• 1924 --- A new show joined the airwaves. The Chicago Barn Dance aired on WLS radio in the Windy City. Later, the famous program would be renamed The National Barn Dance. This program was the first country music jamboree on radio. (The Grand Ole Opry on WSM Radio in Nashville, TN began in 1925.) National Barn Dance continued for many years on the radio station that was owned by retailer, Sears Roebuck & Co. WLS, in fact, stood for ‘World’s Largest Store’. Though the Barn Dance gave way to rock music and now, talk radio, The Grand Ole Opry continues each weekend in Nashville.
  • 1943 --- Tens of thousands of Jews living in the Warsaw Ghetto began an uprising against Nazi forces.
  • 1949 --- At the opening night of the spring edition of the famous Moscow Circus, clowns and magicians fire salvos of jokes aimed at the United States. Although a relatively minor aspect of the total Cold War, the night was evidence that even humor played a role in the battle between the United States and the Soviet Union. Most of the barbs thrown during the opening night of the circus came from one of the most famous Russian clowns, Konstantin Berman.

    He began his act by tossing a boomerang, which he likened to the workings of the U.S. Marshall Plan (an economic recovery plan designed to pump billions of dollars into the economies of Western Europe). "American aid to Europe," Berman announced. "Here is the dollar." The crowd roared its approval as the boomerang "dollar" returned directly to his hand. He then produced a radio. First, all that could be heard were barking dogs. "That's the Voice of America." Berman then made room for a magician. His most popular trick began when workers brought out an iron cage and an individual made up to look like Hitler was placed inside. The magician then pulled a curtain—"not an iron curtain, just a silken one"—over the cage and surrounding area. When the curtain was lifted, Hitler was outside the cage and the workers were trapped within. Two other individuals, one impersonating Churchill and another dressed like a typical American "capitalist," came out and shook Hitler's hand. The magician then intoned, "How much longer is this going on? Until the people's patience bursts, then it will end." He replaced the curtain, removed it again, and the delighted audience discovered that Hitler, Churchill, and the capitalist had been caged and the workers freed. "That's how it will be," the magician announced, "and forever, too." On the other side of the Atlantic, American comics and entertainers were just as busily poking fun at the Soviets and communism, indicated that laughter was universally welcomed in a period when the threats of massive new world wars and nuclear holocaust hung heavy in the air.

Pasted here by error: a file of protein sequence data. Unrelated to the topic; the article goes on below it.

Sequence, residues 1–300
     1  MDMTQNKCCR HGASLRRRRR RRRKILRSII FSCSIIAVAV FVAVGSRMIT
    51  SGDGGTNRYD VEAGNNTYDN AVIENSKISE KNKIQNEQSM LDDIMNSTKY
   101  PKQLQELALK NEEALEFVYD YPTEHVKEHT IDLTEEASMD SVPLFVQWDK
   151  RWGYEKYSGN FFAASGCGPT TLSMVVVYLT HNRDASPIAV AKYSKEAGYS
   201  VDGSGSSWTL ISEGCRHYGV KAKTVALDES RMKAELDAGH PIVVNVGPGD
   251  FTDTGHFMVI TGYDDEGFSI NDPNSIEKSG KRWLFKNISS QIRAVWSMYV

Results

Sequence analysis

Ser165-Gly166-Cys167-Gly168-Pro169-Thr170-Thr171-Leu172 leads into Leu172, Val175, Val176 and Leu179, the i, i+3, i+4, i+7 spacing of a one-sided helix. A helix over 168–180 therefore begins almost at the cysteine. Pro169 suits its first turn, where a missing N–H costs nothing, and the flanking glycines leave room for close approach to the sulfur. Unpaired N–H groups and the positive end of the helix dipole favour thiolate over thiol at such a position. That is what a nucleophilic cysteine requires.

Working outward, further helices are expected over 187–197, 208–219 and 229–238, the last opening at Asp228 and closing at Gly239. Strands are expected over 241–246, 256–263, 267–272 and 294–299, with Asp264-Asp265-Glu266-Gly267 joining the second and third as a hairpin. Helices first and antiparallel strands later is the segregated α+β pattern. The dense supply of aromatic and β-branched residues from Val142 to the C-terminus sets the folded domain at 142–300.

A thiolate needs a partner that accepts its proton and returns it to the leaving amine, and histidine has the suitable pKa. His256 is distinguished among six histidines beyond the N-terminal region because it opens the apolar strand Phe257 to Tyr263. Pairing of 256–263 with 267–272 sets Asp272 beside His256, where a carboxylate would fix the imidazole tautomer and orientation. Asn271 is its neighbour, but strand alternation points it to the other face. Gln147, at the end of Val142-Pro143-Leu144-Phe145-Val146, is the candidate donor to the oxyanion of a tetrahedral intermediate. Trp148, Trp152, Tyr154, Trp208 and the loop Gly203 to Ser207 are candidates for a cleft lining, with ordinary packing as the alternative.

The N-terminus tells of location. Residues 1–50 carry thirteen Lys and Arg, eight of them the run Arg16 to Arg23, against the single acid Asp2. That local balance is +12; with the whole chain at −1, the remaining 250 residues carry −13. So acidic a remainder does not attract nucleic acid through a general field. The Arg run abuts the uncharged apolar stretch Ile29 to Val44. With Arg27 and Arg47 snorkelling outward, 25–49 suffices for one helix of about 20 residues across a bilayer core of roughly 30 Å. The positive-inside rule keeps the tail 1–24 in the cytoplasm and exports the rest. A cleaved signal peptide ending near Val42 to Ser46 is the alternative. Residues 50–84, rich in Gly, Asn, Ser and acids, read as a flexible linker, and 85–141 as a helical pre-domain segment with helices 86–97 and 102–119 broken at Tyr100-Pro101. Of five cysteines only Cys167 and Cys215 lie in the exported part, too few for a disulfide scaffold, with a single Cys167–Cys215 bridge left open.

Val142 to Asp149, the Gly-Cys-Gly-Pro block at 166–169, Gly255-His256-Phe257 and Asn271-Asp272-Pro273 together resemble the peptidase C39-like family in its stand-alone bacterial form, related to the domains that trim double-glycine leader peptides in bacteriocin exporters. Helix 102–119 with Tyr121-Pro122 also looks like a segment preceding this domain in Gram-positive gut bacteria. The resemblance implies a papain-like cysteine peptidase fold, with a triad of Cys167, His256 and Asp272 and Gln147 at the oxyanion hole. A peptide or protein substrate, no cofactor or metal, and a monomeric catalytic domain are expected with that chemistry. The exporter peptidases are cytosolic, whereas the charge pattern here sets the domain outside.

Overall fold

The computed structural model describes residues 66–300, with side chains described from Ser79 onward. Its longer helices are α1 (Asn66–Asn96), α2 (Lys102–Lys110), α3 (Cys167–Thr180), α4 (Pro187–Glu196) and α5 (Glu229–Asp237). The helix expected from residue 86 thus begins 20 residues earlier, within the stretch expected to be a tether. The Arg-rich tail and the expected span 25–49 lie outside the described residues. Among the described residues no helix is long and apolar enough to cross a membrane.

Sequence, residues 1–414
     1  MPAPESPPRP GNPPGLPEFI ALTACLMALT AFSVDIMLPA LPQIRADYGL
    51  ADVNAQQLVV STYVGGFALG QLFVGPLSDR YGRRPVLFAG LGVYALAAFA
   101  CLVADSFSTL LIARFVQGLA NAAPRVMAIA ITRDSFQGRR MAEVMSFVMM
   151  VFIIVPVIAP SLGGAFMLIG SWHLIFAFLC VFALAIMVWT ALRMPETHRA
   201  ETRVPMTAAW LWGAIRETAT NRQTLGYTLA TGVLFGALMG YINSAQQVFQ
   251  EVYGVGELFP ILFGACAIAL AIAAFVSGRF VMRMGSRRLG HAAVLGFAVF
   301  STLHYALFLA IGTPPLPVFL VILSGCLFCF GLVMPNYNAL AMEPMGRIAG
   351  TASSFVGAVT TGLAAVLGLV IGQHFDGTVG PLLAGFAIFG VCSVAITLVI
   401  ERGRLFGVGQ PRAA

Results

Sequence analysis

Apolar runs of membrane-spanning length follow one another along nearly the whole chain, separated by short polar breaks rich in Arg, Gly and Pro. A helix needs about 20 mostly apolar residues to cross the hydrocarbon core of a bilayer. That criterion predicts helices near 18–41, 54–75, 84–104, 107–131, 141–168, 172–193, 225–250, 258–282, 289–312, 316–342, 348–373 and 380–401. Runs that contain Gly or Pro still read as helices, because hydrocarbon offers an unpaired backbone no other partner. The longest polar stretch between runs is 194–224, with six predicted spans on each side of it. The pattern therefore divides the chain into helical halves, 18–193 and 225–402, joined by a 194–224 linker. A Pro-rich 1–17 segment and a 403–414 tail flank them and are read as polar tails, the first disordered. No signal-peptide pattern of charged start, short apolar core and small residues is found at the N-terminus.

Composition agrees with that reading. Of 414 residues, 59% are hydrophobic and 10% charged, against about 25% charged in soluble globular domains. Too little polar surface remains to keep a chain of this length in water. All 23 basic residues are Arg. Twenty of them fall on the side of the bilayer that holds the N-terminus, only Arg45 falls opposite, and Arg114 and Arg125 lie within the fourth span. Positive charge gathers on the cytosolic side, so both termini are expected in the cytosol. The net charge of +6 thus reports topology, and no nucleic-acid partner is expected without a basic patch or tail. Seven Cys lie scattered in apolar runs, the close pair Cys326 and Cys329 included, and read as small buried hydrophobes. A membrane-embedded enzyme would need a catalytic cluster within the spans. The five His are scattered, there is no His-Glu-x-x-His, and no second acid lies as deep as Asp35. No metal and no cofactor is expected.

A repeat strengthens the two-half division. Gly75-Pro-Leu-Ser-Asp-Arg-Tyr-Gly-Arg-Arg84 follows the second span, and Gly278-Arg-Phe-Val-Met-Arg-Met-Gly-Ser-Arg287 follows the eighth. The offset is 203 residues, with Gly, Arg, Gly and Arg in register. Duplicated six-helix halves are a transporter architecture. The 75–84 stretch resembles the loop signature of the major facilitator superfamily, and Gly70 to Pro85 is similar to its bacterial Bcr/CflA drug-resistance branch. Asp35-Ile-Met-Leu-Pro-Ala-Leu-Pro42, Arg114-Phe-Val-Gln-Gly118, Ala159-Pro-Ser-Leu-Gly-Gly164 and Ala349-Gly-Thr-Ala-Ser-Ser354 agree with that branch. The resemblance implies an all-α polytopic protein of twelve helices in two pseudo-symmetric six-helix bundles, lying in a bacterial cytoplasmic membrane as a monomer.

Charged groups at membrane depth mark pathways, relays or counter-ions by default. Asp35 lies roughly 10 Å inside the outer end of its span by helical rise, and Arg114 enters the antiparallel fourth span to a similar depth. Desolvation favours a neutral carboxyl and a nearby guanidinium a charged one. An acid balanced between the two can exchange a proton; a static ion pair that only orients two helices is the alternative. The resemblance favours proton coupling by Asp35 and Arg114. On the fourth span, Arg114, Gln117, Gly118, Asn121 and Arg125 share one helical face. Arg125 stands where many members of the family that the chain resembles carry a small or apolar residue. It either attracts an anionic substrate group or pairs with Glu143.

• 1961 --- The Federal Communications Commission authorized regular FM stereo broadcasting starting on June 1, 1961.

  • 1981 ---The first major-league baseball team to win 11 straight games at the beginning of a season was the Oakland A’s. Win number 11 came with a few fireworks, as a brawl or two became a part of a 6-1 victory over Seattle in the first game of a doubleheader. In the second game, however, Seattle ended the A’s win streak with a 3-2 win.